While some products have hidden gluten, many brands do not. Here's a list of Celiac-approved options:
Chicken Broth – Safe brands include: Progresso, Swanson, Pacific Foods, Imagine Foods, Kitchen Basics, and some Trader Joe’s broths - just make sure you check the label!
Gluten-Free Soy Sauce – you can find these in most grocery stores now; Kikkoman or San-J both have gluten/wheat-free Soy Sauce and Tamari, check the label to make sure.
Gluten-Free Pasta, Bread, Baking Mixes for Cookies, Cake, Pizza Crust and more are available in many grocery stores, Whole Foods Market, and health food stores.
Gluten-Free Flours – King Arthur makes great gluten-free all-purpose flour now, and it’s available in most grocery stores.  There is also Bob’s Red Mill flour mixes and baking mixes. 
Gluten-Free Crackers – Mary’s Gone Crackers are great and come in a variety of flavors - they’re tasty, and healthy!  Glutino also makes some decent crackers that everyone would enjoy.
Salad Dressings – Annie’s makes a lot of naturally gluten-free salad dressings.
Pudding/Pie Filling – Jell-O Brand is generally gluten-free, check the ingredient list.
Gluten-Free Beer – There are a few on the market:  Redbridge, Green’s, Bard’s Tale, New Grist.
Your gluten-free friends will be thrilled that you went to the trouble to make something for them, and if you have any doubts about a products you are buying, just ask them; they’ll probably know.  Be sure to alert other guests of which items are gluten-free, and make sure utensils aren’t used for other things and then put back into the gluten-free dish.  I would be prepared and save labels of items you use, just in case your friends have questions about what you used, how it was prepared, etc.  Good luck!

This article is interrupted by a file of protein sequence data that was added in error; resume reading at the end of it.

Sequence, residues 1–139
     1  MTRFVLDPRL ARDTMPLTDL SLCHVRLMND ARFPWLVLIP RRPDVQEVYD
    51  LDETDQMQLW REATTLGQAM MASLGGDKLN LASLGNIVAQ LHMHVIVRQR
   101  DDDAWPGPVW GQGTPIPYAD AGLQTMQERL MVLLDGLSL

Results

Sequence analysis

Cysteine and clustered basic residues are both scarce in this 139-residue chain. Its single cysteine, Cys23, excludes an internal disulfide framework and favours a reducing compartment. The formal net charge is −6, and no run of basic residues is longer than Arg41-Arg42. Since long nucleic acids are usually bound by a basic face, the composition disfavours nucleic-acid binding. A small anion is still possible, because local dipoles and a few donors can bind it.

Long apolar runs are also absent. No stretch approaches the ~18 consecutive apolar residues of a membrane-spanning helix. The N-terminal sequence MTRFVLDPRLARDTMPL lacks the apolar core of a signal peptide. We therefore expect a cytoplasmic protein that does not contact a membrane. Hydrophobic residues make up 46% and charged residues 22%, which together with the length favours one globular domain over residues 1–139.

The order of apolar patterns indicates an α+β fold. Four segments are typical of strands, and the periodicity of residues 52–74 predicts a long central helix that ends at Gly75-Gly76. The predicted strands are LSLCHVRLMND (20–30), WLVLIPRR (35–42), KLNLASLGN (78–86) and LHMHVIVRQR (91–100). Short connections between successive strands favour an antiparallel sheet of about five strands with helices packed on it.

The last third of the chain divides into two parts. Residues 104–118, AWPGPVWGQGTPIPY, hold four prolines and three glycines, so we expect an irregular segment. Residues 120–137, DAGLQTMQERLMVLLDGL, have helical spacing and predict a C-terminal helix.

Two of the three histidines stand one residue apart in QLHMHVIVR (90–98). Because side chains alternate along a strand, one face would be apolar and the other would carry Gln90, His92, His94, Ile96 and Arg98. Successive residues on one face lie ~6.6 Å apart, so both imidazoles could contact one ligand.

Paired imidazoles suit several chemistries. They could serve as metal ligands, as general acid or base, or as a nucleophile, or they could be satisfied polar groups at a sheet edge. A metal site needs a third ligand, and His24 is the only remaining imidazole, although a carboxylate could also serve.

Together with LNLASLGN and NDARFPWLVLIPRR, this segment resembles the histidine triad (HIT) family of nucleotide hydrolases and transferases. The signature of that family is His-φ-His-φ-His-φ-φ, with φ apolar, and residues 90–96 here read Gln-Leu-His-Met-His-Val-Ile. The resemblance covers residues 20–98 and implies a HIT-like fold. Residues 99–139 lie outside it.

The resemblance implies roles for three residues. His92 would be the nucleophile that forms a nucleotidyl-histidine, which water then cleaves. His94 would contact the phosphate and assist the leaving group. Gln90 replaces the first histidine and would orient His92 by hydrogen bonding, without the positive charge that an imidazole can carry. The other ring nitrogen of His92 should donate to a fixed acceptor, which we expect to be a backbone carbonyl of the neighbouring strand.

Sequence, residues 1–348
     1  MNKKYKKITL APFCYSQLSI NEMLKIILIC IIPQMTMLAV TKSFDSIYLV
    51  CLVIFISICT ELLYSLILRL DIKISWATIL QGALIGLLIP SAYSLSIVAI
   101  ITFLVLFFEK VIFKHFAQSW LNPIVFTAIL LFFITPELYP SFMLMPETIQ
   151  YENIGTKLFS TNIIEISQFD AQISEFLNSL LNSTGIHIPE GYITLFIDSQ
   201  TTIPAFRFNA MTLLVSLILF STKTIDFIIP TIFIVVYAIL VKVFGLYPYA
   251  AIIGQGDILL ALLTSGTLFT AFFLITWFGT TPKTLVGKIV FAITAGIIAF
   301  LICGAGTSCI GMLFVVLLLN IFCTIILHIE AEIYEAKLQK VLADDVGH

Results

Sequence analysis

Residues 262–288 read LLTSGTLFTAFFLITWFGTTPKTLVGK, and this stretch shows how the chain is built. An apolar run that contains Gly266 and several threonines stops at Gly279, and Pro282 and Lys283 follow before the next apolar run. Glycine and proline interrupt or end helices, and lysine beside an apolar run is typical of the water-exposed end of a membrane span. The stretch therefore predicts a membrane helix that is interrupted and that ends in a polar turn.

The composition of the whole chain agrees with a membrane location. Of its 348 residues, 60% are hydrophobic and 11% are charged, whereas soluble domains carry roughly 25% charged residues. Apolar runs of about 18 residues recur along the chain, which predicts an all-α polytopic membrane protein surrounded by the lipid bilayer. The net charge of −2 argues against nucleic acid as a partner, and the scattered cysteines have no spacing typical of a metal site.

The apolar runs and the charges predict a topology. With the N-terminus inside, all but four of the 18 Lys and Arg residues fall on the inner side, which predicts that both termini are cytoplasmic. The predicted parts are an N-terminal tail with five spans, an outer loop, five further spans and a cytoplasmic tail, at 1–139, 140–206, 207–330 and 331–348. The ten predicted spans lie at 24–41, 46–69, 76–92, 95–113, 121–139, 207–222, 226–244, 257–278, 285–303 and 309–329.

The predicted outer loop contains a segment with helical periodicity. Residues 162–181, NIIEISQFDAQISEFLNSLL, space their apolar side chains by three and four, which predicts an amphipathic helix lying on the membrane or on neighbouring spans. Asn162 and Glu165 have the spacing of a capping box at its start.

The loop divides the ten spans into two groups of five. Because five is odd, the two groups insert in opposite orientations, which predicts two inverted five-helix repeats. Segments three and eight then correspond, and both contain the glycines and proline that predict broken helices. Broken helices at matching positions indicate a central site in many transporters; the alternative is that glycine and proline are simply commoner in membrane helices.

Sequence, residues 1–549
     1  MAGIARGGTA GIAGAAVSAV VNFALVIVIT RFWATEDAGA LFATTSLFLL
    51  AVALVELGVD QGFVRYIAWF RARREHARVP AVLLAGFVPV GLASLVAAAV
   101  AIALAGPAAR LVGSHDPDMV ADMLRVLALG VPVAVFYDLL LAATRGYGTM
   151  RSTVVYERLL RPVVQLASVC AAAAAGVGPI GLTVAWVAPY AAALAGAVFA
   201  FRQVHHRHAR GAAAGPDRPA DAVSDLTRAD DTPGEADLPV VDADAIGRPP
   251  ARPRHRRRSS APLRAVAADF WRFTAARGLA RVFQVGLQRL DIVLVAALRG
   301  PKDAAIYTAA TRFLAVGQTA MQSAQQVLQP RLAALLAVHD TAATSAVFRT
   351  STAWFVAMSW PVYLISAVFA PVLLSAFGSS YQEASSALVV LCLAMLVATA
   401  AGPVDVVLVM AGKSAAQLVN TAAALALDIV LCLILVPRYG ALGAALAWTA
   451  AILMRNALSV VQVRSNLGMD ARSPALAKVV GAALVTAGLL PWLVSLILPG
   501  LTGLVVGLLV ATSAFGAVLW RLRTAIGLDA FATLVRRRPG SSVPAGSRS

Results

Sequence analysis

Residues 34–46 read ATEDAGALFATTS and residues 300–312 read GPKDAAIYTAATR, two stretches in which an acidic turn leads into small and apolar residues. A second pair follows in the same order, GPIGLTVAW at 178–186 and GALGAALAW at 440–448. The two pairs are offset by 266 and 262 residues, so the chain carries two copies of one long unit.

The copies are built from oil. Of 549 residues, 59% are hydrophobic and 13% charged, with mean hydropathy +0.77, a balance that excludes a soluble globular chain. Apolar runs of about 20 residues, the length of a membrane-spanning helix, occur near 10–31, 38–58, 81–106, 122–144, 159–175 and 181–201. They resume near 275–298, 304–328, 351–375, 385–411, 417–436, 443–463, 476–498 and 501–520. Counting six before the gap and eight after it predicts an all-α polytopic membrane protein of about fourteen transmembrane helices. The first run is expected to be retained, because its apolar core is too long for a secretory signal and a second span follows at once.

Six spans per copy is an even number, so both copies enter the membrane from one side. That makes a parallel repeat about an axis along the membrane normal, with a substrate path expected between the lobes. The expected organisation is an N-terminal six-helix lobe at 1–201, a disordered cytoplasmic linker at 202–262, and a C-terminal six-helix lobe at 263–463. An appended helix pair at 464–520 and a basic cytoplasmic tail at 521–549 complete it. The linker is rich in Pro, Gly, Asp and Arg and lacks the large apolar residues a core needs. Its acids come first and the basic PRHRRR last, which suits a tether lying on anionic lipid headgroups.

3 comments:

  1. this is a really helpful guide! thanks Liz B

    ReplyDelete
  2. Really,isn't evolution supposed to weed out these folks?

    ReplyDelete
  3. Yes, Jason, it was also supposed to weed out asthmatics, the near-sighted, people with high cholesterol and everyone with a ruptured appendix.

    Evolution has been on vacation for over a hundred years - let's keep it that way.

    ReplyDelete